The 3DS was one of, if not the most influential platform of this time, due to its 3D experience and enhanced DS features. If you had a DS back as a child, you may have really wanted a 3DS when it was announced because of its 3D features. It was released back in 2011. The 3DS uses a 3D feature which does not need the use of 3D glasses to have the full experience, this was another selling point of the 3DS. The internet functionality was massively improved from the previous DS’s, and also came with an analog stick which was the first of its kind for the Nintendo handheld platforms. The top screen is also a bit bigger than the 3DS’s predecessor the original DSi. 

So, the newest controllers for the newest generation of consoles which came in 2013, these being the Xbox One and the PS4.
Xbox One features a controller which has been almost redesigned with a few tweaks, such as the added rumble feature which was implemented in the Xbox 360, its predecessor, and have re done it. On each of the prongs of the Xbox One controller it features enhanced rumble pads for, as Microsoft say, realistic rumbling. The Dashboard is located at the top centre above all the buttons as you can see in the image. Some people really like it because it’s out of the way and, however people do dislike it due to the awkwardness of reaching over to press it.

The PlayStation 4’s controller on the other hand has a very similar style to the previous dualshock controllers such as the PS3, PS2 and PlayStation One. The PS4 controller has a new touch pad in which developers can programme and bind the touchpad to a function in their game, like move around the mini-map etc. The light bar is also a new feature on the PS4 which tells you when the controller is on, and can also be programmed by the developers for their game. An example of this being when you get shot in a battlefield game, let’s say, the light bar on the PS4 goes from blue, to red. This may not be practical but people like it aesthetically. 

Straying away from the history of controllers and more of why they are how they are you come across Ergonomic design. Now this is how comfortable and intuitively that object can be used. So for us we will be talking about Video Game controllers but this can fit in with any product that is being designed be it a chair, glasses (not wearable glasses but drinking glasses but it would also be looked at for them too), phones, headsets anything really that would be used on a daily bases that needs to be comfortable and easy to use.
When a controller is being designed, those who are designing it would be thinking about types of things that they know have worked in the past and what haven't and the things that they like in a controller. So they could be asking about how comfortable it is to hold and if they use it for long periods of time would cramping or any pain start to occur and if so then what could be changed to avoid those types of problems.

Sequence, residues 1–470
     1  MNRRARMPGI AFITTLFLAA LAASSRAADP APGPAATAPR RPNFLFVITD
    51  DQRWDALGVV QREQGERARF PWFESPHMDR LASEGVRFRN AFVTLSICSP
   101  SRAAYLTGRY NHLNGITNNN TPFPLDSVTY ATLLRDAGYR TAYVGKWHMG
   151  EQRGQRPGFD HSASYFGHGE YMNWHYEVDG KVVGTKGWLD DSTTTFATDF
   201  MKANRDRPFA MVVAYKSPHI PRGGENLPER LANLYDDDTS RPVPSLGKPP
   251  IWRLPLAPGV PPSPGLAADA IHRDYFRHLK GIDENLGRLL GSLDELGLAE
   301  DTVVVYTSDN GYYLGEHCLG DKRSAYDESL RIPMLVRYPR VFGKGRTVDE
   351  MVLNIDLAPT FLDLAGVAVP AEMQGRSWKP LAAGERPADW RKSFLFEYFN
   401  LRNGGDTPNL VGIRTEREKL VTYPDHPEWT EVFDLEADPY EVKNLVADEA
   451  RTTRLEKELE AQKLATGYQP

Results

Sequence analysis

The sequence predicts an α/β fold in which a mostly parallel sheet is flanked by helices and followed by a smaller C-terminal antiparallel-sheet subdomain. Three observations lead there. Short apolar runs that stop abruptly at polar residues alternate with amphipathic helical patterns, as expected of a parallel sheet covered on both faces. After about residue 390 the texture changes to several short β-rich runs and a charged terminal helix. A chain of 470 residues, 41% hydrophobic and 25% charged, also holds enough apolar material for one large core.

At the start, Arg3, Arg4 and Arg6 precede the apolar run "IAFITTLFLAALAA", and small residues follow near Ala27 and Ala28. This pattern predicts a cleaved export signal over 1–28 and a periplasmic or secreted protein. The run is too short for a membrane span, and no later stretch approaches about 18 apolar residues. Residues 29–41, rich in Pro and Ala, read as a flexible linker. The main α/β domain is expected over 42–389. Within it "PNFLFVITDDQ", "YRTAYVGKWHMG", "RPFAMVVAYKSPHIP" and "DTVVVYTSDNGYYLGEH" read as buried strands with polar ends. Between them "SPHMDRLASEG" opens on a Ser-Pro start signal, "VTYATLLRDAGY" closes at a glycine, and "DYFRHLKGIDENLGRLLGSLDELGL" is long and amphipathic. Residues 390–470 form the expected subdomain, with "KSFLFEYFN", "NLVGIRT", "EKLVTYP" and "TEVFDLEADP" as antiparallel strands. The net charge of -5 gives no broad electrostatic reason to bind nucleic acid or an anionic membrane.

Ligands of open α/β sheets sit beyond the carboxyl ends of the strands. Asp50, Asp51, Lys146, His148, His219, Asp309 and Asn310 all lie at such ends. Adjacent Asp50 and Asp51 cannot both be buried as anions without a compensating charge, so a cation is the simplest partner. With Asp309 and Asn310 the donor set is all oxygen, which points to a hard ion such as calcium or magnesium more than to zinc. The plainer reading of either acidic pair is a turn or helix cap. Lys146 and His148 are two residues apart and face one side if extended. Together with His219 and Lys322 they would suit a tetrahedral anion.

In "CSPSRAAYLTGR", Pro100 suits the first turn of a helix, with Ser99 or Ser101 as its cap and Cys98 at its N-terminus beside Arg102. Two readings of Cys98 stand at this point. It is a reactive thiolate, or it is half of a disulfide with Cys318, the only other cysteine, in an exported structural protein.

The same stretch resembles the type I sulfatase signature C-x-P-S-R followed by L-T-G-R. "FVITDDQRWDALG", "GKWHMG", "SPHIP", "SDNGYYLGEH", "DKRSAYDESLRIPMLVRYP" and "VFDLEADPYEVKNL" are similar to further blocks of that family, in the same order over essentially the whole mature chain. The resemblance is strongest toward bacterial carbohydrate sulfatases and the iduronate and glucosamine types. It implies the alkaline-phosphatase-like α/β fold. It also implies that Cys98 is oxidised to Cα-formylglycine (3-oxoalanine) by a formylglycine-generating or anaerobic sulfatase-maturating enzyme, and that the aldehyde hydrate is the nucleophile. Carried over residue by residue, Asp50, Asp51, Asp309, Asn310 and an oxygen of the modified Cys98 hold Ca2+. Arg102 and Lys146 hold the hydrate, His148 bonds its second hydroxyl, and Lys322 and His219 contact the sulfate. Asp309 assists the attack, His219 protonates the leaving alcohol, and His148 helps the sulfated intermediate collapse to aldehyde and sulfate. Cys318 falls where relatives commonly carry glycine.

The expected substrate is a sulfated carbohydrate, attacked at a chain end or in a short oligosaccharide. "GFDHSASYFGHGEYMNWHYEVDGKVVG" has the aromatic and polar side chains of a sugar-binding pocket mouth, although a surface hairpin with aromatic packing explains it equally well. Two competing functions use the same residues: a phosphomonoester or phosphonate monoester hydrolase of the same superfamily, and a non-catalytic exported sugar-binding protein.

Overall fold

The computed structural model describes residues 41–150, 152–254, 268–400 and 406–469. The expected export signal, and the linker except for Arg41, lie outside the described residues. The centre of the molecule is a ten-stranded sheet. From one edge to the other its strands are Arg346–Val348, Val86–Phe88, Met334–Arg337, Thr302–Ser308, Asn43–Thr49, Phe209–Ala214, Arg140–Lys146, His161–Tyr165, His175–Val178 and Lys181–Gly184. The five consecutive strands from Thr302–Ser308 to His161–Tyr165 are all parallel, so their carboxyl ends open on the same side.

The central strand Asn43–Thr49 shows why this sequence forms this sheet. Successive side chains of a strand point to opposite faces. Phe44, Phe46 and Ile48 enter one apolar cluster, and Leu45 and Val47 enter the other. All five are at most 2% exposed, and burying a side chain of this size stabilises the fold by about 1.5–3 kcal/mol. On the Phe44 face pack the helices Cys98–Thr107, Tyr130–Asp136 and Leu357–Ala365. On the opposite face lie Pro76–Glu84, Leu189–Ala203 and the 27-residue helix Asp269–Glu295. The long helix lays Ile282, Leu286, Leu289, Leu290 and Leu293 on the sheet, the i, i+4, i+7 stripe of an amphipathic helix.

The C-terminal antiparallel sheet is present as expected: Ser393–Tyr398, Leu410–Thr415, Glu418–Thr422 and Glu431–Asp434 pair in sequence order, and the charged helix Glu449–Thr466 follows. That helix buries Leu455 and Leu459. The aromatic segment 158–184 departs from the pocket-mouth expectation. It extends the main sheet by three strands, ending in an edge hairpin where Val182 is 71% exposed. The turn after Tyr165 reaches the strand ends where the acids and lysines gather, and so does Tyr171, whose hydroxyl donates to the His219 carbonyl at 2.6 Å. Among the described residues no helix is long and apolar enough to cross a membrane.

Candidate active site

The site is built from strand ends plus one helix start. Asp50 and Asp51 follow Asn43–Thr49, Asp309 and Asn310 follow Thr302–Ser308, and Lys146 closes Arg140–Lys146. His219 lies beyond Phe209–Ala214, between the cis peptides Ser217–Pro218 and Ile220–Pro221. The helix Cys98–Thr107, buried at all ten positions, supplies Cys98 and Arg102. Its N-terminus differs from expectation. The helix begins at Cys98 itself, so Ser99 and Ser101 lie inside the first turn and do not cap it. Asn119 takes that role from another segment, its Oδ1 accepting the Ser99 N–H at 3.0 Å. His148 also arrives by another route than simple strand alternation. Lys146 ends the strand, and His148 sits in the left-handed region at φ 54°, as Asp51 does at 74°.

Button Configurations is also something that has to be kept in mind. The easiest way to explain it would be that its the amount of buttons on the controller how and where they are put for quick and easy use. Looking at old controllers you can see how things have evolved and advances in technology has allowed more buttons with more uses as you can change the functions whilst on the games to your preference and there has been changes in ergonomic design which fit the consumers better.  I mean personally I really like how the xbox 360 controller is because I find that it fits my hands better and everything is easy to reach, I used to always be a Playstation kind of person but when I more recently bought a 360 my feelings changed alot and I found that it was better for me. I know that some people would disagree but each to their own. 

Moving onto User-Centred Design (UCD) this is when any questions about who the user is and their tasks/goals within the games are answered so that the findings can help to make decisions on the design and development of the controller. Usually the types of things that would be asked are:
  • Where do the buttons need to be so goals can be completed quicker?
  • Who are the users going to be?
  • What type of experience are the users going to have with existing controllers that could be similar to the one in the making?
  • What preference do the users have on how it should work?

So the final thing I am talking about for this post is portability. This covers things like the console itself maybe a Nintendo 3DS or the Sony Playstation Vita and it covers the controller instead which you could maybe take somewhere else to play with friends. Because of technology advances it is possible to take away controllers with you to different places without having to deal with wires, bluetooth and wireless technology has helped heaps with this task so yeah thank advances in tech for your easy gaming get together's with your friends.
But saying that its not always easy because there are faults in the systems, for instance sometimes with wireless xbox controllers and wii remotes you loose that signal from the controller to the console which can be very frustrating at times. Also the same controllers have the problem of if you have normal batteries in them then you need to replace them on a regular basis depending on the types you use and how long you use them for. Playstation 3 controllers do have a wire that allows you to connect the controller back up to the console with if its running low on battery which keeps everyone happy, and the Xbox also has this option but like most things with xboxs you have to pay extra to get hold of it.

Thats where I finish for this post, I hope you have enjoyed this one 
until next time 
Fairwinds internet travellers!